Accordingly, it is one object of the present invention to provide a puzzle having interconnected parts so that individual parts will not be lost and thereby become unavailable for use with other parts.
It is another object of the present invention to provide a puzzle that presents a range of challenges so as to provide entertainment for adults and children alike.
It is yet another object of the present invention to provide a puzzle that develops skills in predicting spatial relationships and develops manipulative skills.
It is yet still another object of the present invention to provide a puzzle that entertains by providing a range of challenges in manipulating indicia to effect a solution to the puzzle, and, by so entertaining, draws attention to indicia which may be used as a vehicle for advertising.
Still yet another object of the present invention is to provide a series of puzzles that has a range of shapes aligned about a cylindrical base.
According to the invention, a self-contained puzzle is in the configuration of a cylinder having a cylindrical surface and a central axis. The puzzle has a plurality of slide elements disposed longitudinally in rows that are each disposed concentrically about the central axis. Faces on the slide elements display indicia. Each slide element is retained by a base structure that keeps the face of the slide element in registry with the cylindrical surface. The base structure also restricts the slide element so that it is only capable of being slidably transpositioned, relative to other slide elements, in a direction parallel to the central axis, from one row into another.
The faces of the slide elements form a mosaic, geometric surface characterized by the absence of one of the slide elements, so as to leave a slot into which an adjacent slide element may be slid to transposition it relative to the other slide elements. When the adjacent slide element is slid into the slot, it leaves a slot in the position from which it was slid.
The base structure indicates a multiplicity of rotatable base wheels aligned end-to-end concentrically about an axle which extends along the central axis. The base wheels are rotatable about the axle, which includes one part of a detent mechanism that is cooperative with another part to temporarily hold each rotatable base wheel structure in a relative angular disposition with respect to another rotatable base wheel structure.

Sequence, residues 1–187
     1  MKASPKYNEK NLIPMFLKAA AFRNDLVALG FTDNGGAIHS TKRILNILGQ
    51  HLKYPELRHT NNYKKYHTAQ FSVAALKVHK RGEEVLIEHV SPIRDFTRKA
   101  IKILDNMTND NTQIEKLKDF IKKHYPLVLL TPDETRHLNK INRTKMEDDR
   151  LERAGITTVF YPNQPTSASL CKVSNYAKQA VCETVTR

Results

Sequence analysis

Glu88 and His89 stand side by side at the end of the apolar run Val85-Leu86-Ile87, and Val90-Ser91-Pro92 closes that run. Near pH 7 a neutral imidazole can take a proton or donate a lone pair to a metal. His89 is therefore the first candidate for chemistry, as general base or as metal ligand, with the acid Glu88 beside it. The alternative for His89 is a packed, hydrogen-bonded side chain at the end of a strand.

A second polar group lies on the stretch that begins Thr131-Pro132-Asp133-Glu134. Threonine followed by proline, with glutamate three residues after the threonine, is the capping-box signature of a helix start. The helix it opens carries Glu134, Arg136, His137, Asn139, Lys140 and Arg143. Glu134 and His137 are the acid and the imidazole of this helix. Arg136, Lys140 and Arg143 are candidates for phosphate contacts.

At least one end rotatable base wheel is disposed at each end of the aligned multiplicity of rotatable base wheels. Each end rotatable base wheel has at least one female fitting that opens toward the end at which the end rotatable wheel is disposed. An end cap, having a male fitting, is received onto the end rotatable base wheel.
Each base wheel includes a cylindrical hub collar of determinable length. The hub collar has a hub inner surface that faces radially inwardly. A plurality of detent grooves are disposed in the hub collar parallel to and spaced concentrically about the central axis and the axle. The hub collar has an outer surface from which a plurality of planar spokes radiate. An outer collar is disposed concentrically about the hub collar and has a surface which faces radially inwardly to receive the plurality of planar spokes.
In a radially outwardly-facing surface of the outer collar are a plurality of mortise grooves disposed parallel to and concentrically about the central axis and the axle. Each slide element has a dovetail tenon that projects radially inwardly toward the central axis to be inserted into and retained by one of the mortise grooves in one of the outer collars, such that the slide element with its dovetail tenon is slidable along one of the mortise grooves of one outer collar to the mortise groove of another outer collar when the mortise grooves of the two collars are aligned.
As the base wheels are rotatable, rotation of a row adjacent the row containing the slot will bring a new slide element adjacent the slot to be slid thereinto. Accordingly, the puzzle may be manipulated to change angular or rotational alignments of the slide elements on one base wheel with respect to the slide elements on another and manipulated to slide a slide element into the slot at one position to fill the position with a particular slide element or to open a slot in the position formerly occupied by the particular slide element, so that the new slot might be filled with another particular slide element. Changing axial alignments of the slide elements with respect to another can be used to position the indicia on the faces of the slide elements so that an arrangement of indicia may be effected as a solution for the puzzle.
In one embodiment, a solution is in the form of a popular beverage can, the arrangement of indicia effecting an image of the trade dress of the beverage. According to this embodiment, the amusement brought to the operator has commercial advertising value to the marketer of the beverage. In another embodiment, the solution is in the form of a milk shake cup that is a mosaic of slide elements. Thus, the puzzle has a solution in the shape of a frustum, while the base of the puzzle from which slide elements depend is in the shape of a cylinder.
The invention that is to be herein described by way of example only, will be described with reference to the accompanying drawings wherein:
FIG. 1 is an exploded partial isometric of the puzzle.
FIG. 2 is a side elevation of the puzzle.
FIG. 3 is a partial sectional view shown in the direction of arrows 3--3 of FIG. 2.
FIG. 4 is an end sectional view of the puzzle taken in the direction of arrows 4--4 of FIG. 2.
FIG. 5 is an end sectional view of the puzzle taken in the direction of arrows 5--5 of FIG. 2.
FIG. 6 is an end view of a base structure revealed in FIG. 1.
FIG. 7 is a detailed sectional view taken in the direction of arrows 7--7 of FIG. 3.
FIG. 8 is a perspective view of an embodiment of the invention which has a surface dress of numerical indicia.
FIG. 9 is a perspective view of an embodiment of the invention which has a surface dress that is the trade dress of a popular beverage.